The Rapidian

Wholesale food hub makes local ingredients more accessible to restaurants

Through FarmLink, Grand Rapids restaurants can showcase local food on their menus. FarmLink started three years ago with the goal of creating beneficial relationships between chefs and farmers.
Reserve's Apple and Cheddar salad, made with items garnered through FarmLink.

Reserve's Apple and Cheddar salad, made with items garnered through FarmLink. /Caitlin Hoop

FarmLink

1111 Godfrey SW 

Grand Rapids,MI 49503

 

If you have any questions or are interested in learning more, email FarmLink.

Love's MadCap Third Coast Espresso ice cream. Love's is one of FarmLink's buyers.

Love's MadCap Third Coast Espresso ice cream. Love's is one of FarmLink's buyers. /Caitlin Hoop

Michigan is an agricultural mecca, with farms and orchards populating the fields of West Michigan. According to the Farm Bureau, Michigan is the second most agriculturally diverse in the United States. Year round, Grand Rapids chefs have a diverse selection of local ingredients at their disposal. Working with multiple individual farms simultaneously requires a lot of extra work for chefs, with the accounting, ordering and receiving that goes into the process for each purveyor.

Local entrepreneur Gerard Adams and his wife Amy Sherman, a chef, saw this problem and strove to make acquiring farmer’s seasonal crops simpler and more easily accessible.

Three years ago they created  West Michigan FarmLink, the sole food distribution hub selling 100% local harvest to Grand Rapid restaurants. Created as a means to facilitate beneficial relationships between chefs and farmers, they encourage any farmers and chefs in West Michigan to participate.

“Chefs and farmers are brilliant people, and I just wanted to bring them together,” explains Adams.

Buying local produce has becoming second nature to many residents of Grand Rapids; one could essentially survive on eating only local in West Michigan. Shopping local does take time and dedication, but transparency is justification for restaurants to source locally. Chefs, as well as consumers, want to know exactly where the product came from.

“FarmLink allows me to have a connection to my product as well as the farmer.” says Matt Green, Executive Chef at Reserve Wine and Food.

How FarmLink works is fairly simple. The 30 farms list their products on the website Thursday evenings, and then chefs have from Friday through Monday to place their orders based on what produce is listed. Tuesday farmers harvest the items purchased, and Wednesday the 30 participating restaurants pick up their orders from FarmLink’s warehouse office found at 1111 Godfrey. Restaurants can choose from not only vegetables and fruits year round, but also meats, artisinal cheeses and greenhouse greens.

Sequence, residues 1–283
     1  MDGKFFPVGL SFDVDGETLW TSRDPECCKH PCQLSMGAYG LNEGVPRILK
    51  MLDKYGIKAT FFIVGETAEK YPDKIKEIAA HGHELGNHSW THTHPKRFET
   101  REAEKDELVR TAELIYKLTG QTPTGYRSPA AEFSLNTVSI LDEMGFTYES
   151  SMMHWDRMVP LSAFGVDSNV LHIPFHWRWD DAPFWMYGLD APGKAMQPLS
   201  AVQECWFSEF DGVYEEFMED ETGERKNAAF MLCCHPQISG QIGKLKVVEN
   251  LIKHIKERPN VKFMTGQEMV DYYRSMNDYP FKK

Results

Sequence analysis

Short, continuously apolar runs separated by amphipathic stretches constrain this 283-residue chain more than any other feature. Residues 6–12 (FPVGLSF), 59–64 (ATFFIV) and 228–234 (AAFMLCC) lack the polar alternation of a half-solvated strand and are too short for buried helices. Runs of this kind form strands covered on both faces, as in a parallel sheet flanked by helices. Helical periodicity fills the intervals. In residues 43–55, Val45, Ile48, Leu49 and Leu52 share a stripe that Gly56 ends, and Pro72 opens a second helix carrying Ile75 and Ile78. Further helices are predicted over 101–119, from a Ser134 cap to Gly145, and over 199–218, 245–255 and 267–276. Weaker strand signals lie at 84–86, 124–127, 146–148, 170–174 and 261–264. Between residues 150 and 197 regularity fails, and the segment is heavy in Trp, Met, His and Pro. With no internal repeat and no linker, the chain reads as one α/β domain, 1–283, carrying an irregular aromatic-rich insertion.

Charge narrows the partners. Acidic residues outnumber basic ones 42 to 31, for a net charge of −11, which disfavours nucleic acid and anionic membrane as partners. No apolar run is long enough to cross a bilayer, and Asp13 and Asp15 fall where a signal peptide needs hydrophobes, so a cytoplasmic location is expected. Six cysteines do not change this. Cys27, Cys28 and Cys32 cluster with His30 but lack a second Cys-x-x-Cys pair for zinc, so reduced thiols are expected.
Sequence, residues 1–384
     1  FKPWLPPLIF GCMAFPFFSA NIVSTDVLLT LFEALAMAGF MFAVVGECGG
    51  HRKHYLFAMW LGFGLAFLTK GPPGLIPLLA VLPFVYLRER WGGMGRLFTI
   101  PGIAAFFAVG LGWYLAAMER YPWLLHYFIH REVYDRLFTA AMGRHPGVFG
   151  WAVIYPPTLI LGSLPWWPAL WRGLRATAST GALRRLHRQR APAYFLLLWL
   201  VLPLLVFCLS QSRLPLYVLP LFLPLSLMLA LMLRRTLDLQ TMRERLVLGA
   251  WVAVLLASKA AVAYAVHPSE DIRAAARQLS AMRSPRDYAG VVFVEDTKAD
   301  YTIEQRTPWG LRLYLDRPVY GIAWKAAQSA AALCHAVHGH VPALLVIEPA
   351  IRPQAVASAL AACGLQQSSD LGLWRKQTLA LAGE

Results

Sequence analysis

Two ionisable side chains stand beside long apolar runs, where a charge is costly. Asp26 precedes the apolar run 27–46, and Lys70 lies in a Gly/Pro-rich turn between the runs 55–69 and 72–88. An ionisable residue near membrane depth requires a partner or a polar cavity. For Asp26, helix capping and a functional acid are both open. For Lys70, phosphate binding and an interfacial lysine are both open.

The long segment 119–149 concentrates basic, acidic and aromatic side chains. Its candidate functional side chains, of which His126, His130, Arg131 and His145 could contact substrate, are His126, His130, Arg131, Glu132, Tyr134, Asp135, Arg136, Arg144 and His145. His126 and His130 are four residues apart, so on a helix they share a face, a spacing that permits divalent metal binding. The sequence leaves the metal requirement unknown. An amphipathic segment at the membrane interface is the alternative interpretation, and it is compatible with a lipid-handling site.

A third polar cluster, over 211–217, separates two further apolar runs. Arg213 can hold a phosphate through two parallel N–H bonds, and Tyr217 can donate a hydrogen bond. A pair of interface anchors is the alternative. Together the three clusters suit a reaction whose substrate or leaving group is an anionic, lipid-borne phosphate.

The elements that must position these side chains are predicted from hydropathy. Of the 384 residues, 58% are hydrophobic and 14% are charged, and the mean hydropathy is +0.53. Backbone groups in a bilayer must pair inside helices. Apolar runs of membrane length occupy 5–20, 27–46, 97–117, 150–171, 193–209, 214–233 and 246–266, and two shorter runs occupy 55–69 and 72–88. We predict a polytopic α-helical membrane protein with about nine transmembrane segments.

“[FarmLink] is a very straightforward and simple cause-driven business.” said Adams. “I believe in an open marketplace, and [FarmLink] is the platform for that to happen.”

Working with this food hub is beneficial, says Adams, for both the farmer and restaurant. Not only is it convenient for chefs to order product from multiple farmers in one central hub, but it is also beneficial for the smaller farmers who focus on fewer items to grow, such as The Urban Mushroom. FarmLink's distribution hub allows Mary Ann Faulkner, The Urban Mushroom's owner and mushroom cultivator, the luxury of spending more time on her artisan fungi and less time worrying about multiple deliveries. And for a small business such as Faulkner's, FarmLink allows more exposure.

"Through FarmLink I have been able to connect with so many restaurants and chefs I may not have known," says Faulkner. "It grows my small business because this platform allows chefs to find a quality sustainable product in my mushrooms."

Chefs are attracted to the funky and unique varietals of produce they can’t find anywhere else.

“The thing that drew me to FarmLink was the vendors,” says Green. “Some of the vendors they have, like Heidi’s Farmstand or The Fishmonger’s Wife, I just can’t get anywhere else. This way I have a connection with the farmer as well as the product, which fits well into the network of purveyors Reserve currently has.”

FarmLink allows not only for chefs to have a relationship with farmers regarding their product, but also in terms of education.

“I learned so much about growing from these farmers,” explains Chris Perkey, executive chef of Osteria Rossa. Perkey buys the majority of his product needs through FarmLink, in conjunction with the specialty one of a kind produce items. “Almost every single one of our menu options contain an ingredient facilitated by FarmLink.” 

Having recently expanded their distribution out to the lakeshore, FarmLink is growing exponentially for a three year old distribution hub.

“We have almost quadrupled in all aspects year to year, and I don’t even feel like we have scratched the surface yet.” said Adams. “We are in it to try and make a difference and to connect the farmer to the chef- simple as possible.”

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